Kernel update, the Debian way¶
So far, liveng is a Secure Boot compliant and persistent live operating system, capable of kernel update on a ISO9660 system partition.
We must now package all the code previously given programmatically “by hand” into a couple of Debian (.deb) packages. While users who simply need to improve a standard Debian live can follow all the previously described steps “by hand” at every kernel release (i.e. on every linux-image-architecture package release), if you want to create a liveng-derived operating system, you will need to host liveng kernel-update related packages in your package repository.
On a Debian system, any linux-image-architecture-version update is started by an update of the meta package linux-image-architecture (for example: linux-image-amd64 on x64 machines), which depends on the real linux-image-architecture-version package, so updating linux-image-architecture will download and install linux-image-architecture-version.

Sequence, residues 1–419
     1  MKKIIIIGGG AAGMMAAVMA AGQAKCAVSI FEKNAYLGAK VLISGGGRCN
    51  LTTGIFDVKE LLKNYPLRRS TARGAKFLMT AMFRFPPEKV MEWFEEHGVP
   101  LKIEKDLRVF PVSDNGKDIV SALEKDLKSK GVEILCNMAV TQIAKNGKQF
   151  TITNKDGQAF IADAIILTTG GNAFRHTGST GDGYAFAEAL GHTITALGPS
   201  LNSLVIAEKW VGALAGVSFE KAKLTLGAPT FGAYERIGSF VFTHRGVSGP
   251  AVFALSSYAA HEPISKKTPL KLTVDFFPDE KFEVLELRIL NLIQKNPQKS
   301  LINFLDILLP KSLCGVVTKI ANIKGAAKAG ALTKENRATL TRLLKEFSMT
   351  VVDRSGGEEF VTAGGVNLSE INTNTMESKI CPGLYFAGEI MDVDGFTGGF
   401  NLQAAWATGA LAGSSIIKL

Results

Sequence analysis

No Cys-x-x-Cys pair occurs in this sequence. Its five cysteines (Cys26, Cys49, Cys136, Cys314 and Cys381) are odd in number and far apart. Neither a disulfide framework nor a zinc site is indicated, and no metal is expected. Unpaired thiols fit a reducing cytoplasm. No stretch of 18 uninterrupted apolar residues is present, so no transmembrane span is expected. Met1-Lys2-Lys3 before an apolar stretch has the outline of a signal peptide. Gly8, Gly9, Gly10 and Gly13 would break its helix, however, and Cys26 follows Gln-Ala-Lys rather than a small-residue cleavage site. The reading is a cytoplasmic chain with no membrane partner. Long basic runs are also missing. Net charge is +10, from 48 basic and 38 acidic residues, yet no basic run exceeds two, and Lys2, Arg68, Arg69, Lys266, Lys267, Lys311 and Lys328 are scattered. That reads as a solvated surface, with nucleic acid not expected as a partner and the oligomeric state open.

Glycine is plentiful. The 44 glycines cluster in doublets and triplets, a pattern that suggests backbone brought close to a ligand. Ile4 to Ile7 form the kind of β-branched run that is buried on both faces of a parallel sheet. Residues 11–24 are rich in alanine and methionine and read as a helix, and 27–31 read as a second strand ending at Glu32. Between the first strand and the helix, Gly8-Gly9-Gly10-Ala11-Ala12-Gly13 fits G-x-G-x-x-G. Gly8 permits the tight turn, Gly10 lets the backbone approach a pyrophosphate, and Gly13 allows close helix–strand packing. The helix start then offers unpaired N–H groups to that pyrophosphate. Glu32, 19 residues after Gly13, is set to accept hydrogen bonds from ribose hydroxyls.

Instead of relying on the linux-image-architecture meta-package for a kernel update, as distribution maintainers we need to install and update the linux-image-liveng-architecture meta-package, which:
- depends on the linux-image-liveng-common package, which installs the livengkupd.sh script;
- depends (or pre-depends) on the real liveng kernel package (linux-image-liveng-architecture-version).
linux-image-liveng-architecture-version must have a postinst file which mimes what previously done:
- triggers the initrd rebuild;
- calls the livengkupd.sh script with the correct kernel-version parameter. livengkupd.sh will then locate the second system partition and rewrite it with the new files, using xorriso.
At the end of the day, linux-image-liveng-architecture-version is exactly like a standard linux-image-architecture-version but adds a special postinst file.
We are not going to give further explanations, bacause of course distributions’ maintainers already well know how to create and manage Debian packages and a package repository.